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Best way to handle this custom container RRS feed

  • Question

  • So I've created a custom container (just raw XAML) that is basically a StackPanel, with a Grid (with contents), and then a Rectangle painting the reflection of the StackPanel below. It works really well -- but I'm running into some troubles abstracting this out.  My first instict was to use a ControlTemplate. So, I made a template and it worked fairly well using something like:

    <UserControl Template="{StaticResource reflectedBox}">
        <Grid>
        <TextBlock Text="Hello, world!" />
        </Grid>
    </UserControl>

    Unfortunately I had the Width/Height hardcoded in the template... that's not exactly optimal.  So I wanted to set the Width/Height on the <UserControl> and ran into a major snag.  My rectangle effectively makes the container larger. So when I grabbed the Width/Height from the <UserControl> using binding... the display was correct, but got clipped because <UserControl> ended up being half the height it needed to be (to accomodate the Rectangle).

    Is there a better way of approaching this than a ControlTemplate? I could create a custom control and play around with overriding Width and Height, but this seems to go against WPF's philosophy of being able to completely restyle any element you want with Templates.
    Thursday, September 27, 2007 11:01 PM

Answers

  • It sounds to me like the behavior you're trying to provide with this control is simply the reflection of whatever variable content is put inside of it. Am I missing anything?

     

    So you would want that to look something like this in your application:


    Code Block

    <myNS:MyReflectionThingy ... some properties that control the reflection here ...>

    <StackPanel x:Name="MyStackPanel">

    <TextBlock>Example:</TextBlock>

    <TextBox Text="Some random content..." />

    </StackPanel>

    </myNS:MyReflectionThingy>

     

     

    You can certainly achieve this with UserControl using a StackPanel, ContentPresenter and a Rectangle with a VisualBrush bound to ContentPresenter, but there's so much code you need to write anyway to get the reflection effect to happen (measuring, arranging, visual brush scaletransform centerx/y, etc.) that I would make it a Decorator subclass.

     

    You just use the logic you mentioned where, on your Measure pass, you measure whatever is in your Content property and, based on the reflection algorithm you're going to use, maybe double the height of the final size. Then in your Arrange you just put the content at your relative 0,0 coordinate and render the reflection in OnRender starting at the content's Height+1. Do draw the reflection you just use the DrawingContext's DrawRectangle with a VisualBrush that again points to the content. Simple enough rendering logic and much lighter weight.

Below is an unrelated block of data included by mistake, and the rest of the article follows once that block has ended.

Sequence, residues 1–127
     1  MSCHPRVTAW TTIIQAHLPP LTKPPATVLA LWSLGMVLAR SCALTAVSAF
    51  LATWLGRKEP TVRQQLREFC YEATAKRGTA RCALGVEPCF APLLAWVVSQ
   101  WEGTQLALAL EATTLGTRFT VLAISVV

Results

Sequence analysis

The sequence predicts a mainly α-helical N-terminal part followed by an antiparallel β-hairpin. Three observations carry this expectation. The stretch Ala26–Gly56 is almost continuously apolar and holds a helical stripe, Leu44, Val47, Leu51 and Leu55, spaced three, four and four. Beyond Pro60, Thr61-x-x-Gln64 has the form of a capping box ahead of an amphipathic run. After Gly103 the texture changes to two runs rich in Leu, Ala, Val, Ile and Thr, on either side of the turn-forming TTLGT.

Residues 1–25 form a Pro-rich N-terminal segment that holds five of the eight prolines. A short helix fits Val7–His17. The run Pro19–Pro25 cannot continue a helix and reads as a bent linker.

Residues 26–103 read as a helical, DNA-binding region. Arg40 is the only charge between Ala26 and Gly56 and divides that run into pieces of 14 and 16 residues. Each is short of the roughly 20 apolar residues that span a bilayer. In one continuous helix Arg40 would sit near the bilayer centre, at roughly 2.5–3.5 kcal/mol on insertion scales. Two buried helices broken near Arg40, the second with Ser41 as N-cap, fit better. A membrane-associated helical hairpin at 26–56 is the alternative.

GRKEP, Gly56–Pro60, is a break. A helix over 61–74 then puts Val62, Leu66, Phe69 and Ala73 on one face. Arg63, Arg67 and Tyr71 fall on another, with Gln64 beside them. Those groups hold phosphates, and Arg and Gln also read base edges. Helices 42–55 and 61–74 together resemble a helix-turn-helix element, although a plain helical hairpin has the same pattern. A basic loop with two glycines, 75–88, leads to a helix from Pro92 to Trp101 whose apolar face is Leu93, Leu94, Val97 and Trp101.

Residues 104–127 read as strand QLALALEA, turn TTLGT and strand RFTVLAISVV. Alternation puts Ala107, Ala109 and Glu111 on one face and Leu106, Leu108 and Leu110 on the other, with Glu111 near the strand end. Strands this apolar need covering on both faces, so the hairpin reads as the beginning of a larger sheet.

HTH,
    Drew

    Friday, September 28, 2007 12:07 AM

All replies

  • Just had a recent discussion about this in another thread. You're using UserControl and that's not really the right way to approach a control that is meant to be re-templated. Basically you want to create a ContentControl subclass. Check out that thread and hopefully the details there (read the SDK articles I linked to as well) will help move you in the right direction.

     

    HTH,
    Drew

     

    Thursday, September 27, 2007 11:14 PM
  • Thanks for the response Drew, I actually do remember slightly reading that thread a little while ago. But I guess I'm still confused... one thing you were stressing was that custom controls shouldn't have a particular look & feel -- while that is exactly what I am out to accomplish. Really, the only reason I was using UserControl was so I could get at the Template property (and my naiveness as to which is the most light-weight control that accepts Content & Template). The new container has no new functionality -- only a reflected look that required the addition of a few elements (like a Rectangle).

    Does it make sense to create a custom control that subclasses ContentControl, eats it's own Height property, doubles it and then apply the Template to the custom control tag (in the Main Window, for instance)? I guess that just feels strange to me, as the only reason I'm changing the height is so that the visual representation of the control will not be clipped.
    Thursday, September 27, 2007 11:28 PM
  • It sounds to me like the behavior you're trying to provide with this control is simply the reflection of whatever variable content is put inside of it. Am I missing anything?

     

    So you would want that to look something like this in your application:


    Code Block

    <myNS:MyReflectionThingy ... some properties that control the reflection here ...>

    <StackPanel x:Name="MyStackPanel">

    <TextBlock>Example:</TextBlock>

    <TextBox Text="Some random content..." />

    </StackPanel>

    </myNS:MyReflectionThingy>

     

     

    You can certainly achieve this with UserControl using a StackPanel, ContentPresenter and a Rectangle with a VisualBrush bound to ContentPresenter, but there's so much code you need to write anyway to get the reflection effect to happen (measuring, arranging, visual brush scaletransform centerx/y, etc.) that I would make it a Decorator subclass.

     

    You just use the logic you mentioned where, on your Measure pass, you measure whatever is in your Content property and, based on the reflection algorithm you're going to use, maybe double the height of the final size. Then in your Arrange you just put the content at your relative 0,0 coordinate and render the reflection in OnRender starting at the content's Height+1. Do draw the reflection you just use the DrawingContext's DrawRectangle with a VisualBrush that again points to the content. Simple enough rendering logic and much lighter weight.

     

    HTH,
    Drew

    Friday, September 28, 2007 12:07 AM